It’s been one week since I’ve moved to Vietnam and I’m pretty surprised by how quickly my homesickness has passed. But I guess when you’ve already lived in three different countries within the last three years you get used to leaving one place for another. Of course I experienced the common thoughts like “what if I don’t make any new friends?” or “what if my friends all forget about me??” or “WHAT ABOUT BURRITOS???”, but by my second day I was already getting into the rhythm of life here and have been learning so much about this culture that am beginning to love immensely.
Here are 7 things I’ve learned already from living here:
- Water is not easily accessible. The apartment I am temporarily living in (the one I was supposed to move into is still occupied and it wasn’t until we arrived to the apartment from the airport that the landlord said so, but more on that later), has a water heater, but the landlord told me not to turn it on because it’s so close to the shower head that I will electrocute myself.Also, tap water is not drinkable. I never thought I would miss the simplicity of drinking free water or of finding water in general. Street vendors sell teeny-tiny water bottles and many restaurants and cafes do not serve water. The solution? Buy 5L jugs from the supermarket for about $1.00 and hope that they will last you the week
- Time is not an issue for the Vietnamese. On my first full day when I was exploring the city, I would ask the locals where I can find the bus station, and they would wave their arms one way and point and say in Vietnamese something along the lines of “that way!” and when I asked if it was far, they would typically shake their heads no. Well, it took me over three hours to get to the bus station when I thought it would only take me 30 minutes. And on my way back I realized there was a bus station literally right by my apartment, but I also really suck with my directions, so that’s on me.
And remember how I said that the apartment I was supposed to move into was still occupied? When I asked the landlord before I arrived to Vietnam when it would be available, he told me that it was already available, but when I made it to Hanoi he said I would have to wait until the 17th of October to move in…
Also, each day from 12 to 2pm the Vietnamese have a “break time”. This means that everyone goes home to nap or they take a big lunch break. It’s pretty typical then that if you want to get lunch at this time that the workers of the restaurant are gone or even taking a nap inside the restaurant. The school children will also either go home with their parents for two hours or have an extended lunch break at school.
When I was doing my cultural studies in university, I remember learning about how certain Asian countries are considered to be less professional than Western countries due to their lack of putting emphasis on time, but I actually believe that these cultures are more calm and relaxed and do not believe in wasting energy on stress and worry. As a worry-wart myself, I find that I really like this cultural aspect of Vietnam and hope to learn to become less of a stressed-out person while I am living here.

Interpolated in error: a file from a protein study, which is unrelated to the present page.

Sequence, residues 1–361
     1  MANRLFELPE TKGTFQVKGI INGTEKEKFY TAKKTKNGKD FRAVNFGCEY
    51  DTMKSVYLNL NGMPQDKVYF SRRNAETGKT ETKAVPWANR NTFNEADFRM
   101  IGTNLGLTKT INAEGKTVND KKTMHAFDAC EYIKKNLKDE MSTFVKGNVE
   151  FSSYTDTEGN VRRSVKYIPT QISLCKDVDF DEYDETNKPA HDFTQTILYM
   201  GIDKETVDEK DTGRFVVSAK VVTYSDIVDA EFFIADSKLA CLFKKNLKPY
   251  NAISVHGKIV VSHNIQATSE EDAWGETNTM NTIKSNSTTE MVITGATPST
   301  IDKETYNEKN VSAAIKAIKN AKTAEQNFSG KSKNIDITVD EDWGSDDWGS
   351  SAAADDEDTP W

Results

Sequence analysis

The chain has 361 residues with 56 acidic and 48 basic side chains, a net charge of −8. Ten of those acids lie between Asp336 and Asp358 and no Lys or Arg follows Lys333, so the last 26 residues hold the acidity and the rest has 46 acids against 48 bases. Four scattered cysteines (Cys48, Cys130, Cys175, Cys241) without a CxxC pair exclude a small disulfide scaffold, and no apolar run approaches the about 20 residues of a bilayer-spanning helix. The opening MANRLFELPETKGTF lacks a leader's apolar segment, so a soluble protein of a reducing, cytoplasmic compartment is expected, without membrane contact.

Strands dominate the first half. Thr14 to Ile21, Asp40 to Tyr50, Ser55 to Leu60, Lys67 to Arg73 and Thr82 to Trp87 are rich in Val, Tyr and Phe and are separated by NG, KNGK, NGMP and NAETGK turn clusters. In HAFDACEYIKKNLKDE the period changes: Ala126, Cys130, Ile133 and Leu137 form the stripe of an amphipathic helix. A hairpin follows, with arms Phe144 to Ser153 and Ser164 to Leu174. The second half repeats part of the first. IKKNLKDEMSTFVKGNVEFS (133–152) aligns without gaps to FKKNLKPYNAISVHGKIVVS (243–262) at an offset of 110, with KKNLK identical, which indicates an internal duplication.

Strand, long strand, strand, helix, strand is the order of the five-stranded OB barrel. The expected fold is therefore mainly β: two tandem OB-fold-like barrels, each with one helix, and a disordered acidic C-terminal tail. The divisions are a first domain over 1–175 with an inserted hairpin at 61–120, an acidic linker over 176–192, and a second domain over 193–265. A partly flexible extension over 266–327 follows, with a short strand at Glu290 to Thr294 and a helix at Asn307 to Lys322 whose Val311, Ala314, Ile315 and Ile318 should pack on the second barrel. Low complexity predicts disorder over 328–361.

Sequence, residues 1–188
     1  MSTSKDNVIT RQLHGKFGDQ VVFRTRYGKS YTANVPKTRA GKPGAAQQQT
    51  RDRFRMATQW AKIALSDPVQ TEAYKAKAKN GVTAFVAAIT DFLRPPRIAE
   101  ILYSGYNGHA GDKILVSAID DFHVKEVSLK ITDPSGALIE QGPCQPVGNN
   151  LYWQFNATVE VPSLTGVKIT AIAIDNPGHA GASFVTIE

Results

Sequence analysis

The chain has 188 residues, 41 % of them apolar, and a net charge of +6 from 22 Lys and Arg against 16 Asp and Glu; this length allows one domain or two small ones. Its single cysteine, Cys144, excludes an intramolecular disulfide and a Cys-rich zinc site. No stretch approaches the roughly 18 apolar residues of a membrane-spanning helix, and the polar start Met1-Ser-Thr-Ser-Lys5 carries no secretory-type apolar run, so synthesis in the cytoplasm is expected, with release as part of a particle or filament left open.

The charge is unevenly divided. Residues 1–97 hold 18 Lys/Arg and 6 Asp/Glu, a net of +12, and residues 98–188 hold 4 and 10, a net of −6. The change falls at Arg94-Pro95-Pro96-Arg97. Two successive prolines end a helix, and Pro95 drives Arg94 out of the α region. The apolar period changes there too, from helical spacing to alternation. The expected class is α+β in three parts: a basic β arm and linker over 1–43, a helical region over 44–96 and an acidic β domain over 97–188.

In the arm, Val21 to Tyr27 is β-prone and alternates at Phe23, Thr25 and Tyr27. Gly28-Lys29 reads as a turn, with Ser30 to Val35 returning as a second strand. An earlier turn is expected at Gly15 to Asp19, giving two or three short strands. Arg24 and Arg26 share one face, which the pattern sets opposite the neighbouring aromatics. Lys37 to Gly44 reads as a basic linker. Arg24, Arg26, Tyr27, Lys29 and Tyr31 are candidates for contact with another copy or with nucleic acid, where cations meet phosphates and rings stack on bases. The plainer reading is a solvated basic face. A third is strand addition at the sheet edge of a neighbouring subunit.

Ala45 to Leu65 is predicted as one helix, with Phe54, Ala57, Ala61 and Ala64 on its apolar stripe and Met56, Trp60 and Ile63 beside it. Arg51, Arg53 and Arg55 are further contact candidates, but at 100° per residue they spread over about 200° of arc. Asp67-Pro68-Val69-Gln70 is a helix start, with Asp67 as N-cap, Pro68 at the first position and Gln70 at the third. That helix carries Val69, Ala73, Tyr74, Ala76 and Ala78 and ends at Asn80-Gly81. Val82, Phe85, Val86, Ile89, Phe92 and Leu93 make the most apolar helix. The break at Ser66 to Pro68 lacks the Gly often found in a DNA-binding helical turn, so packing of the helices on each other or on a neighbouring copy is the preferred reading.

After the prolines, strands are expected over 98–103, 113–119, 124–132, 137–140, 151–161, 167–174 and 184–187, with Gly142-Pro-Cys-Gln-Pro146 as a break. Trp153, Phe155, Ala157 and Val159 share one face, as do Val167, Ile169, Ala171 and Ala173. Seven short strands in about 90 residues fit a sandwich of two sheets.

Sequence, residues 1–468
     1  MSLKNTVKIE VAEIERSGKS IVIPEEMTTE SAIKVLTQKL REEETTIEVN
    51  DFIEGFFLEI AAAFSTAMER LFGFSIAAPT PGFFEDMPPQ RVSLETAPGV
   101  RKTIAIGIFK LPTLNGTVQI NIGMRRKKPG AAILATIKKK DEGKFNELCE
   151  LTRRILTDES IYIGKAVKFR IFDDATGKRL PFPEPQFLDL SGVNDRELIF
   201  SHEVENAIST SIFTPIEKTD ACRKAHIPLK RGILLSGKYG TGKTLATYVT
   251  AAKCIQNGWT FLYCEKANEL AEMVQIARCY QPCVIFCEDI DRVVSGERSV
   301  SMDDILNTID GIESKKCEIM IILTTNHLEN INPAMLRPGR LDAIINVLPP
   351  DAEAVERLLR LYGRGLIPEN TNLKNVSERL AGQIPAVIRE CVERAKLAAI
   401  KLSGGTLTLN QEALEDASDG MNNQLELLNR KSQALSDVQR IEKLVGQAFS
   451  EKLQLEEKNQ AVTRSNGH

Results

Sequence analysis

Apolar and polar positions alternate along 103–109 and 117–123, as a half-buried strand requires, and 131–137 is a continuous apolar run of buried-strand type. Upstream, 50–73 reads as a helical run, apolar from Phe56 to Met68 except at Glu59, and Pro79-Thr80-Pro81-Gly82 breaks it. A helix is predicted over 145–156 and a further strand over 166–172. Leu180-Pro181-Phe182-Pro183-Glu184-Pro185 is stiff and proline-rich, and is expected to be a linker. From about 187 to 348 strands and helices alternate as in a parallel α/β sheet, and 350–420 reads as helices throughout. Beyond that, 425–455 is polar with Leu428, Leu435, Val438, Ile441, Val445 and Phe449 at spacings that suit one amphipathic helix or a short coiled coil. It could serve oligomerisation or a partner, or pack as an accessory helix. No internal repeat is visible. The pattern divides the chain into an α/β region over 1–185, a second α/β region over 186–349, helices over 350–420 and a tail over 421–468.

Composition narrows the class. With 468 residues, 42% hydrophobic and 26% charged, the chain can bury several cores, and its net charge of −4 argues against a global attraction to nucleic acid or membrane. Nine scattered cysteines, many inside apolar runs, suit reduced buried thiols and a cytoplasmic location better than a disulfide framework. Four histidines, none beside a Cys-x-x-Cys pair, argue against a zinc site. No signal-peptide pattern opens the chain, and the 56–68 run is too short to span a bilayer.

- It’s cheaper to eat street food than to buy food in the supermarket. You can easily buy a delicious bowl of Phở (pronounced “fuh” like you’re trying to drop the f-bomb) for around $1.00 like this one here and be stuffed by the end of it.The Vietnamese put some small red peppers and a spicy red sauce into their Phở–I tried it but I have a very low spiciness tolerance and could only handle a little bit. However, the woman who served me the Phở seemed to really like me and came back to my table with a big smile and put some more meat into my bowl. Another woman sitting close to me taught me how to eat the dish properly–you have a flat metal spoon that you use to hold the rice noodles as you suck them into your mouth with the help of your chopsticks. From what I can tell, it seems that the Vietnamese tend to eat Phở for breakfast more than any other time of day!
Another delicious kind of street food that you can try is Bánh mì . Bánh mì is the Vietnamese word for “bread”. It is a meat sandwich made in a French baguette–this bread was introduced by the French during the colonial period in Vietnam. Fun fact: Vietnam didn’t gain independence from the French until 1954! Which is a big deal because French colonialism in Vietnam lasted more than six decades. Near the city center this sandwich will cost you about $1.00, but if you go farther out of the city then you can easily buy one for around $0.40!
This one was slightly spicy, but it was better (and cheaper!) than the one I had in the city center!
This is another type of Bánh mì that I tried that is made with egg with small pieces of chicken, cucumber and a spicy red sauce. This one cost around $0.60 and had a less exciting taste than the one made with pork, but it was still good.
Another great dish that I tried is Bún chả. It is made of grilled pork in a bowl with dipping sauce and it’s served with a pile of rice noodles, a plate with lettuce and veggies, and a fried sea crab roll.
I went after work on Friday to try this dish and HOLY MOLY was it good. I never expected the sauce to have so much flavor, and the meat was soft and tender while the noodles paired very nicely with the sauce.
I also really like Bánh bao. It literally translates to “wrapping cake”. This is a soft, warm and savory bun that is sold on the street for approximately $0.30. The one shown below has small hard-boiled eggs inside and some delicious veggies. Other versions are made with pork or chicken meat, onions, and mushrooms.
Doesn’t this make your mouth water?? Yeah, wipe that drool a bit, I’m not judging.
- Vietnamese people are very curious and do not have boundaries. Each day when I am walking on the street, every single person is looking at me. I’ve never been the kind of person to be bothered by this (and the men aren’t catcalling as they often do in Spain, for example), so I smile and nod back to them and almost always get a smile and nod back. They seem to really like my turquoise hair as well–some of them even reach out to me on the street or while they are on their motorbikes to touch it. In general, though, Vietnamese people are extremely friendly. I have not once seen an angry person in the time that I have been here, which makes me want to cry with joy.